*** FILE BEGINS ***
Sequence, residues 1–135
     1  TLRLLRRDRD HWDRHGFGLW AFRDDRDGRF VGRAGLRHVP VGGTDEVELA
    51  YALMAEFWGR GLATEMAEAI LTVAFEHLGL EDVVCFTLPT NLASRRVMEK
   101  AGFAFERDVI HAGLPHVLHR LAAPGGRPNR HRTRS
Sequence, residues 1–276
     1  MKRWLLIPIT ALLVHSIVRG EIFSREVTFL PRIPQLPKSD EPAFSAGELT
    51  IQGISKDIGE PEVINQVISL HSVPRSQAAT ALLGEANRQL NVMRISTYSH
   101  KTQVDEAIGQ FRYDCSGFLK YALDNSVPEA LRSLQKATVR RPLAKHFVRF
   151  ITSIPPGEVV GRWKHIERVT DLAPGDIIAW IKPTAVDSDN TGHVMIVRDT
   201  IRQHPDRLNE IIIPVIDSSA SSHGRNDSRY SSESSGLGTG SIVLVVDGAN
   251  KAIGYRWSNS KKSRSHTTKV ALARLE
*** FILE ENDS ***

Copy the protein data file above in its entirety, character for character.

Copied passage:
Sequence, residues 1–135
     1  TLRLLRRDRD HWDRHGFGLW AFRDDRDGRF VGRAGLRHVP VGGTDEVELA
    51  YALMAEFWGR GLATEMAEAI LTVAFEHLGL EDVVCFTLPT NLASRRVMEK
   101  AGFAFERDVI HAGLPHVLHR LAAPGGRPNR HRTRS
Sequence, residues 1–276
     1  MKRWLLIPIT ALLVHSIVRG EIFSREVTFL PRIPQLPKSD EPAFSAGELT
    51  IQGISKDIGE PEVINQVISL HSVPRSQAAT ALLGEANRQL NVMRISTYSH
   101  KTQVDEAIGQ FRYDCSGFLK YALDNSVPEA LRSLQKATVR RPLAKHFVRF
   151  ITSIPPGEVV GRWKHIERVT DLAPGDIIAW IKPTAVDSDN TGHVMIVRDT
   201  IRQHPDRLNE IIIPVIDSSA SSHGRNDSRY SSESSGLGTG SIVLVVDGAN
   251  KAIGYRWSNS KKSRSHTTKV ALARLE